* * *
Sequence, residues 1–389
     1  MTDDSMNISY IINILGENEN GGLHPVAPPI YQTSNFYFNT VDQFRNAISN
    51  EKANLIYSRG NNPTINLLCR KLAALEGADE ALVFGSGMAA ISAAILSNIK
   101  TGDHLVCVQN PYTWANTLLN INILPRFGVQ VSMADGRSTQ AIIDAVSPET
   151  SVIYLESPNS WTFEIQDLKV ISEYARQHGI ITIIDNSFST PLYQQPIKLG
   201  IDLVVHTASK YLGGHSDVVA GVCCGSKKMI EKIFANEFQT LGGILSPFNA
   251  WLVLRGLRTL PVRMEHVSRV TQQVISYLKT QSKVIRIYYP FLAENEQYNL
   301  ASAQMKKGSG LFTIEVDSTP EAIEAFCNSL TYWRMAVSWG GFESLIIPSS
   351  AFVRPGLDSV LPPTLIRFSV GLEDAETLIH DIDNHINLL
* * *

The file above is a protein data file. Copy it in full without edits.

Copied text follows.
Sequence, residues 1–389
     1  MTDDSMNISY IINILGENEN GGLHPVAPPI YQTSNFYFNT VDQFRNAISN
    51  EKANLIYSRG NNPTINLLCR KLAALEGADE ALVFGSGMAA ISAAILSNIK
   101  TGDHLVCVQN PYTWANTLLN INILPRFGVQ VSMADGRSTQ AIIDAVSPET
   151  SVIYLESPNS WTFEIQDLKV ISEYARQHGI ITIIDNSFST PLYQQPIKLG
   201  IDLVVHTASK YLGGHSDVVA GVCCGSKKMI EKIFANEFQT LGGILSPFNA
   251  WLVLRGLRTL PVRMEHVSRV TQQVISYLKT QSKVIRIYYP FLAENEQYNL
   301  ASAQMKKGSG LFTIEVDSTP EAIEAFCNSL TYWRMAVSWG GFESLIIPSS
   351  AFVRPGLDSV LPPTLIRFSV GLEDAETLIH DIDNHINLL